In an effort to raise awareness about how junk food companies purposefully target children with their packaging and advertising, the Irish Heart Foundation and Fresh The Good Food Market partnered together in a unique campaign to encourage healthy eating habits.
The problem with marketing food to kids
According to a recent study from Cornell University, many children’s cereal boxes are designed to specifically attract young gazes. Not only do these boxes often feature endearing cartoon characters with cheesy smiles, but there’s actually a science behind how they peer out of the box. Their eyes usually tilt down at a 9.67 degree angle, so that from their perch on the grocery store shelf, they appear to be looking directly into little kids’ eyes. Once their gazes meet, only parents with the strongest of wills can resist the pleading that ensues, and inevitably that box of cereal finds its way into the kitchen cupboard.
Up against such daunting forces, the chances of encouraging healthy eating may seem slim – even hopeless. How could common vegetables ever hope to rival the vibrant colors and enticing grins of sugar cereal characters?
Enter the Irish Heart Foundation and Fresh The Good Food Market.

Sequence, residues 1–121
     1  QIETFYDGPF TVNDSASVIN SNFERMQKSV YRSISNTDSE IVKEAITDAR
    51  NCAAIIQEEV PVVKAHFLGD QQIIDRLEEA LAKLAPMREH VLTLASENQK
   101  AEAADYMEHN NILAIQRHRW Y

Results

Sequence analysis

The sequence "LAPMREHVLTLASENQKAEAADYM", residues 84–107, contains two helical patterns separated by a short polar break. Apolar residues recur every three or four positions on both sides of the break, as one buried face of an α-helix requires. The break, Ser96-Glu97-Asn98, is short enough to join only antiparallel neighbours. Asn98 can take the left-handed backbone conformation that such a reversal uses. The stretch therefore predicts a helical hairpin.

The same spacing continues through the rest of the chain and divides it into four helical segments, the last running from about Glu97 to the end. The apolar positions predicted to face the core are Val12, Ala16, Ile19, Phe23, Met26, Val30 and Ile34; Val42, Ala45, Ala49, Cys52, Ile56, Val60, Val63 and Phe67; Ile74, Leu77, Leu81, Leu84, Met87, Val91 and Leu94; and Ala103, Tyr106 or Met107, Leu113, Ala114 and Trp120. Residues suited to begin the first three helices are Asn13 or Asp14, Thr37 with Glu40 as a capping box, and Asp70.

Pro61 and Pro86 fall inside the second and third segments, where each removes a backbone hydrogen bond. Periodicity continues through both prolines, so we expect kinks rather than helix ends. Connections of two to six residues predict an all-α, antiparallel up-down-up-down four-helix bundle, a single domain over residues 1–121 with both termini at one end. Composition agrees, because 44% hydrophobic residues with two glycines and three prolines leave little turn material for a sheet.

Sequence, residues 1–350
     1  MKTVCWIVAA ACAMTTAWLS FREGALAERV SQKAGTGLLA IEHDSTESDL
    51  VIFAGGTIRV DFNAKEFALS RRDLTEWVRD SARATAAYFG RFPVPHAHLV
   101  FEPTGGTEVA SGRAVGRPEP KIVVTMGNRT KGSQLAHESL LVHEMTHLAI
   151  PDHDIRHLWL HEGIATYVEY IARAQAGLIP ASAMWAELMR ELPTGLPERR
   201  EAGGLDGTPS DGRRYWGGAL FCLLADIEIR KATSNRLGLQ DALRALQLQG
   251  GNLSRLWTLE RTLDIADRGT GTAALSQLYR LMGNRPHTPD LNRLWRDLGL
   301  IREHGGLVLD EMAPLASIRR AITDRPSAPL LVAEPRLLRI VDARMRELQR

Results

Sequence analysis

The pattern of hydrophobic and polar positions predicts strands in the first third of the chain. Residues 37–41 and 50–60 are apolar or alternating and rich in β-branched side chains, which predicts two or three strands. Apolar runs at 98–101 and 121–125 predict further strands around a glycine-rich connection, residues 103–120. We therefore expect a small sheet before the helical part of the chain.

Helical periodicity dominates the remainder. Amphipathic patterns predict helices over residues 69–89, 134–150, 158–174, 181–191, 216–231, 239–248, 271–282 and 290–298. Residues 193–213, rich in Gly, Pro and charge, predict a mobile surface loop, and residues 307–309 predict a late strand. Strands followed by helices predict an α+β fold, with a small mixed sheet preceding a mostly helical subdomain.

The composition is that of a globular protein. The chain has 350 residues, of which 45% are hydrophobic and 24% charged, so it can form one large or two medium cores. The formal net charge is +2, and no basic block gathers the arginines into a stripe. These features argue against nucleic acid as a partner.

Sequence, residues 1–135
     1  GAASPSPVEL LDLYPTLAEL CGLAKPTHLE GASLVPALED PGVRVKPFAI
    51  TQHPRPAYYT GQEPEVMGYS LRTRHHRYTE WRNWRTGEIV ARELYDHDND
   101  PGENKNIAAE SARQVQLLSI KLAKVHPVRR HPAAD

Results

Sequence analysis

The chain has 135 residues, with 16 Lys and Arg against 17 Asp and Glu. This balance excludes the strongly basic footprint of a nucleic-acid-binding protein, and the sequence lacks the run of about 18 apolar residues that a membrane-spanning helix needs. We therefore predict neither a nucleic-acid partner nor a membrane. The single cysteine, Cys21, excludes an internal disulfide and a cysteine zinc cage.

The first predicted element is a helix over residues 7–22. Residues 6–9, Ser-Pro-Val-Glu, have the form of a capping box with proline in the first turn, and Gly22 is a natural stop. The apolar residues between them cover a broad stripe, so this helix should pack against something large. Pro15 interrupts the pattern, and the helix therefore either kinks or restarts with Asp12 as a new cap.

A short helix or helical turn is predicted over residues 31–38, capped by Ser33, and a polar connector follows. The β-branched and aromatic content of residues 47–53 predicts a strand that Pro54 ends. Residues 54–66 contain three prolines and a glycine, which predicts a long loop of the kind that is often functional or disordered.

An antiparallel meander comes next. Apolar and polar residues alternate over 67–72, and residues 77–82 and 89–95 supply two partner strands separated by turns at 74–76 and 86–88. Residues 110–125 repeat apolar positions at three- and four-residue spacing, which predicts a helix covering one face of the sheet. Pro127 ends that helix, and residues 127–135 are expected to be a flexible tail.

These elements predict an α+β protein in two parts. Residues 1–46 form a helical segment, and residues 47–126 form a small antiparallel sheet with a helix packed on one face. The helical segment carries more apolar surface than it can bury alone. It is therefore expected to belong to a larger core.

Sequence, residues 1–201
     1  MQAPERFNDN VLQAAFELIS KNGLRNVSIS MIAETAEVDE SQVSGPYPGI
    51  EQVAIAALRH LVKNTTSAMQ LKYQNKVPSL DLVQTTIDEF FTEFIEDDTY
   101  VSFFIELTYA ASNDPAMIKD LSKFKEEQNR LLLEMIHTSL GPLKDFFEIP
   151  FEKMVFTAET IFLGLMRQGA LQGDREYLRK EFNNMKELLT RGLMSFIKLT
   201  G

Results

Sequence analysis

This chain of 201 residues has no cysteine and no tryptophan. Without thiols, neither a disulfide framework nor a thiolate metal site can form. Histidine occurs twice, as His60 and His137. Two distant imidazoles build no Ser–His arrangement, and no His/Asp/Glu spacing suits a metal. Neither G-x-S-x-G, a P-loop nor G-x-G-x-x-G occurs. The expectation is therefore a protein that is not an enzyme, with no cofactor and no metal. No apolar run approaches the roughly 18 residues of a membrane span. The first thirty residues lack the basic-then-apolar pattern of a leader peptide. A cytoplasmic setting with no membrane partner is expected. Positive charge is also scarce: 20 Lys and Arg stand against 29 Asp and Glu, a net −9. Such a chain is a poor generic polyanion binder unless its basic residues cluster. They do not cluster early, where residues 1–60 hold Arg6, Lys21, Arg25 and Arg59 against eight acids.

Any food can be fun
With the help of creative agency Rothco, the Irish Heart Foundation recently partnered with a Fresh The Good Food Market store where they pasted “edible eyes” on 50% of the fruits and vegetables in their produce department for one day. They tracked all the purchases and discovered that total sales rose 10% compared to previous days, with 81% of all fruits and vegetables sold having edible eyes. The Foundation is now running ads about the experiment online to help people realize that eating healthy can be fun too.
When asked about the concept behind the experimental campaign, Helena O’Donnell, Stop Targeting Kids campaign manager for the Irish Heart Foundation, shared:
“We know marketing tactics such as emotional engagement, cartoon characters, and fun competitions influence children’s eating behaviours. With more than 20% of children in Ireland living with childhood overweight [sic] and obesity, it’s time we flipped these marketing tactics on their heads and called out unhealthy food marketing to children. This innovative approach in associating positive emotions with healthy food will help influence children’s health and eating behaviours both now and into their futures.”